No. Or maybe I should say, “Mais non, mais non.” Foreign markets have definitely been a drag on performance for diversified portfolios for many years, for the past several. But they won’t always be. There are a lot of outstanding global companies that trade only in foreign markets. It would be a shame not to own them or at least have exposure to them. It’s very easy. Think of a Heineken, Volkswagen, Taiwan Semiconductor, Sony, Toyota—all of these are foreign companies that you get exposure to by investing in overseas funds or investing in overseas markets. At one time or another, foreign companies have been global and market leaders, so you don’t want to just cut off your nose to spite your face and say, “I’m just not going to invest overseas.”
Many of our listeners might not have been investing in the early aughts, but for seven years, from early 2002 through 2007, foreign markets were way ahead of our domestic markets. Way ahead. Asian and South American markets were on fire. They were returning multiples of the U.S. market. The dollar was declining, which helped U.S. investors’ returns as well. And back then, the question was: “Why should I invest in the U.S. at all when foreign stocks are so strong and the dollar is so weak? Clearly the place to be is overseas.” The pendulum moves back and forth, and you just have to both be patient and take a long-term perspective. But I think the foreign market that a lot of people have—us as well—focused on, and we focused on it a lot during these podcasts, has been China.
Last year, the government there imposed all these harsh rules against tech and online education companies, among others. And that spooked the entire marketplace; stocks really took a hit. This year, they mishandled COVID, they were returning to lockdowns, and it seems like at the same time they acknowledged maybe they went a little too far and they need to more directly support the economy, the markets, and some of the companies that are really the market leaders there. That’s breathed a little bit of life back into them. You spend a lot of time thinking about China, reading about China. Talk for a minute about both our direct China market exposure and whether investors should have any exposure to China, in fact.
Absolutely. Our direct exposure is probably less than 1.5% or so in our more growth-oriented portfolios, a minimus exposure. The rationale behind our exposure to China is, of course, that it’s the world’s second largest economy, the world’s second largest superpower next to our own, and it has 1.4 billion consumers give or take a population, a census count, compared to our own consumer-driven market and economy, which has maybe about 280 million consumers, 300 million consumers. We do think that for truly long-term investors, China’s marketplace makes sense. Not just as a way to benefit from Chinese companies that are exporting goods and services but also as a way to capitalize on Chinese consumers who are increasingly buying “brand China.” But we go in with eyes wide open. China is not a free marketplace.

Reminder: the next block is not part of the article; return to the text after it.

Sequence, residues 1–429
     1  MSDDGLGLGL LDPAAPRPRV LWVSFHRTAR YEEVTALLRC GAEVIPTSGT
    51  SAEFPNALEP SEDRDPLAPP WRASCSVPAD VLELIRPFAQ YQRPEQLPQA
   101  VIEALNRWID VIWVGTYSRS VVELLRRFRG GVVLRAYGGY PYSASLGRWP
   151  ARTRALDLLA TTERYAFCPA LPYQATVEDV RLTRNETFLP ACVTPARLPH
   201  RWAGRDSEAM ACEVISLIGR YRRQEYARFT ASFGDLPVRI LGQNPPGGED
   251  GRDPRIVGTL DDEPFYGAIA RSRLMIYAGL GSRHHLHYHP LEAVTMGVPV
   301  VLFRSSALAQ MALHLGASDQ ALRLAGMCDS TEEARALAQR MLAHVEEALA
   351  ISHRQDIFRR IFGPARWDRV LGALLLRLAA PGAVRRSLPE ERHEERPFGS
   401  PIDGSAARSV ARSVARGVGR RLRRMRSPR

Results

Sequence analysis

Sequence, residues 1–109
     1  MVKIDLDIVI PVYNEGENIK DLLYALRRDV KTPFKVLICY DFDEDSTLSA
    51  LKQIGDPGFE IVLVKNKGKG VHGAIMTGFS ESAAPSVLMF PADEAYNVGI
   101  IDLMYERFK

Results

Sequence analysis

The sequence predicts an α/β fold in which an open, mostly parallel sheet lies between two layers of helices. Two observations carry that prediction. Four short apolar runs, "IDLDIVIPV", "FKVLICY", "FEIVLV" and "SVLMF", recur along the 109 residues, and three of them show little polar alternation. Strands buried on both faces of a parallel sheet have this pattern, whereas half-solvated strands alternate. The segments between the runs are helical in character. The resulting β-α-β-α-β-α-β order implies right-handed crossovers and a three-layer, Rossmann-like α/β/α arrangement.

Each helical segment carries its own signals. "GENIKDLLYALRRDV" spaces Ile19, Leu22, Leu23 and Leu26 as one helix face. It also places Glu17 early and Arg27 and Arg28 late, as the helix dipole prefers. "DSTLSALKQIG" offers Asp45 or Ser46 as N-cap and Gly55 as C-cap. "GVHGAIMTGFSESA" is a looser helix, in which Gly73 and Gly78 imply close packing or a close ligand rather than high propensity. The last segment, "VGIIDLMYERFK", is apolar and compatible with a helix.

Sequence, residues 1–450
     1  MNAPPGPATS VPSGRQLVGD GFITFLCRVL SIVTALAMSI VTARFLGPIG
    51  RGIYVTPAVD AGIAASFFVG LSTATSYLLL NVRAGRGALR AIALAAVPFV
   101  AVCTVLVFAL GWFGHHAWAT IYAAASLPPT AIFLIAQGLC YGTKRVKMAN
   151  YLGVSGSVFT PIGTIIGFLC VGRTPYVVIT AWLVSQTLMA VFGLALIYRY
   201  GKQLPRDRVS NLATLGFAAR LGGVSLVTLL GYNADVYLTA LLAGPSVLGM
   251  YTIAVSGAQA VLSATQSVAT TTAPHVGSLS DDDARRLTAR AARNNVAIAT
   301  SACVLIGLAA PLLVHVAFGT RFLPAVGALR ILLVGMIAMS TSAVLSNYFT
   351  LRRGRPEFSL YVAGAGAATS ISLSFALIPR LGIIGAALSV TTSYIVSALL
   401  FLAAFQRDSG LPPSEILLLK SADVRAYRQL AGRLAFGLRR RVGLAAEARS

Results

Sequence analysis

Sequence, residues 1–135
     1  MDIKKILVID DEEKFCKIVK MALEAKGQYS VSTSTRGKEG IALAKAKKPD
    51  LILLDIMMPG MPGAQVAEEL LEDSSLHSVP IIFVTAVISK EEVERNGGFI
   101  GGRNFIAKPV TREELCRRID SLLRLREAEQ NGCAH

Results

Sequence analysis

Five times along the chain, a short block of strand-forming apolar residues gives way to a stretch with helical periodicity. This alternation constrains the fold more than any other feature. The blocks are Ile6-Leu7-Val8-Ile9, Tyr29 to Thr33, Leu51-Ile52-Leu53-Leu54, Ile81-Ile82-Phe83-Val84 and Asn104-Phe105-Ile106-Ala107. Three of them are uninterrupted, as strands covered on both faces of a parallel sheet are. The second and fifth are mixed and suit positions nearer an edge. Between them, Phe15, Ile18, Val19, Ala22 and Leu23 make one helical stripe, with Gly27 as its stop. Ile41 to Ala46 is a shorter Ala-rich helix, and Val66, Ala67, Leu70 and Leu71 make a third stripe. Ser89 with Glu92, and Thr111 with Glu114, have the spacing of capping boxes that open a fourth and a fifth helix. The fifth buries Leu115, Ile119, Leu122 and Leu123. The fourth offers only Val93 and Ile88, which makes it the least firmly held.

Dan was talking about how they effectively went through a series of self-inflicted wounds on some of their leadership technology and online learning companies last year. To the point where it hit their markets, their economy, and their consumer confidence hard enough for them to reverse course this year and come out and say that they’re going to do whatever it takes to support the market, support the economy. It’s not a free marketplace. It may evolve into a free marketplace; it may devolve further into a marketplace driven by the politburo and politics. We watch that. We understand there are human rights issues that are sincerely troubling in China’s marketplace. We definitely weigh that over and against the long-term investment benefits and the benefits of having a Chinese consumer increasingly interested in investing in their own marketplace, empowering themselves to perhaps become more enlightened down the road.
One of the things that we know is that as we go forward, the EU—while certainly there are some companies inside of it, as Dan noted, that we want to be able to take advantage of—overall, Europe’s economy seems to be translating increasingly into more of a tourist economy as opposed to a service or manufacturing economy. And we are moving from a global economy—and I’m saying moving, it might take decades, some think we may already be there—from a global economy to effectively a duopoly where U.S., China, and the relations between the two and how they treat their own markets is going to have a material impact on the ways in which we invest in those markets.
Well, the Chinese—if you think of the Great Wall of China, as you said, they’ve got billions of consumers there. They can build their economy on the backs of these billions of consumers, but of course they can’t completely wall themselves off.
Correct. And nor would they want to. First of all, they’re pretty good at taking a lot of our intellectual property and turning it around into their own manufacturing and service productivity. Just on that level, they need to be as open as they can. But increasingly, I think, as the Chinese consumer strengthens, the Chinese politburo will recognize that strength is not a weakness to be feared. And I guess speaking of fear, Dan, I know that we did.
Uh-oh, here it comes.